I, as an exiled Bhutanese citizen, prisoner of conscience, human rights activist, and elected public representative from southern Bhutan to the National Assembly from 1973 to 1984 and royal advisory councillor elected by the National Assembly of Bhutan on 30th
November 1984, would humbly like to put down the following points for Your Excellency's kind consideration.
Until early 1980s, all the Bhutanese citizens were living happily and in harmony but in 1988 there was a drastic change in the attitude of Bhutanese Government. New rules and regulations were introduced with the rhetoric of "One Nation One People" that particularly affected the Lotshampas.
The Citizenship Act 1958, passed by the resolution of National Assembly of Bhutan was revoked and a new Citizenship Act 1985 was implemented, without the consent of the National Assembly, with a strong intention of making as many Lotshampas stateless as possible.
Then, as a responsible public representative, I reported about this grievous national issue to the king for rational justification. But, to utter surprise of the most southern Bhutanese, the king ordered my arrest. I was detained in police custody, where I was inhumanly humiliated and tortured. I was released on the third day after a written agreement that prevented me from meeting more than three persons at a time.
As I started feeling trepidation in my own motherland, I was compelled to enter India and then to Nepal for safety and security. Eight months later I was kidnapped from Nepal by Mr. V. Namgyal, the then ADC to the king of Bhutan, and taken back to Bhutan where I was jailed in isolation, and physically and mentally tortured for a decade. I was declared to be innocent and released on 17th
December 1999 due to lack of any evidence against me.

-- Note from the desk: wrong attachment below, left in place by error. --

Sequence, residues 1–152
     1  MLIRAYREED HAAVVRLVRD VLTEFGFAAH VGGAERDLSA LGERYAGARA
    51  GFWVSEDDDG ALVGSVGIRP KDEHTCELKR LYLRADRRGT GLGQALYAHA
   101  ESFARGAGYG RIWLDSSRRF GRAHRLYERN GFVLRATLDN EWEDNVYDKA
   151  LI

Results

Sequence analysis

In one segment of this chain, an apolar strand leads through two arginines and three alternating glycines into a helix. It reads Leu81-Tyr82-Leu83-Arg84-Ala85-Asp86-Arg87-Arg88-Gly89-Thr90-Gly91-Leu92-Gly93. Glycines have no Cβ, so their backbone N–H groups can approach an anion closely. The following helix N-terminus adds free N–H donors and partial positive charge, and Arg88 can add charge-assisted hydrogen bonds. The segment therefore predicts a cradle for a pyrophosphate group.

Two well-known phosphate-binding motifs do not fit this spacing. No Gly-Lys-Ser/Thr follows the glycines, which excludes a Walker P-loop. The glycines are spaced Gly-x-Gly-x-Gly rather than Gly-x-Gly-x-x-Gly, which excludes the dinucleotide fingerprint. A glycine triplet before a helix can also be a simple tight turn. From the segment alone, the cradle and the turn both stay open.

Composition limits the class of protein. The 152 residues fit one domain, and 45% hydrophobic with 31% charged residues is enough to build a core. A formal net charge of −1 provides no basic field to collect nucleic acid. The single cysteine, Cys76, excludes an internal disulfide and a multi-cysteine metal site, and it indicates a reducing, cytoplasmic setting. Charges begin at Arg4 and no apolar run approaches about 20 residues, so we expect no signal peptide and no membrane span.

Though I was released from the physical chains, and came out of the high four walls of the dark jail, I still feel trapped in the chains of multiple maladies. That torture, that anguish I suffered while in detention continues to haunt me to this day.
In Bhutan, people of Nepalese origin were living in the southern region of the country since early 17th
century. And, they comprised more than one sixth of the total population of Bhutan.
Since late 1980s the regime started to allege this community, Lotshmpas, of being illegal immigrants after implementing the new laws, and prioritized “Tibetan-based Bhutanese culture” to antagonize minority ethnic-Nepalese community. Nepali language was banned in schools, a slightly modified Tibetan dress code was promoted as Bhutanese dress code, the Driglam Namzha, was enforced on the general public, and all types of Nepali costumes worn by Lotshampas were banned.
Beside all these, the atrocities went to the extreme when the Government of Bhutan closed down 66 schools in the southern belt and converted them to temporary army barracks. Harassment, arbitrary arrests, detentions, burning of Lotshampas's houses and rapes by government machinery were rampant. People were killed in jails during interrogations and torture. Thousands of them were evicted mostly at night and that too during the mid-monsoon season, intentionally done so to hide the heinous crime of the regime on its innocent citizens from the notice of international media and human rights groups.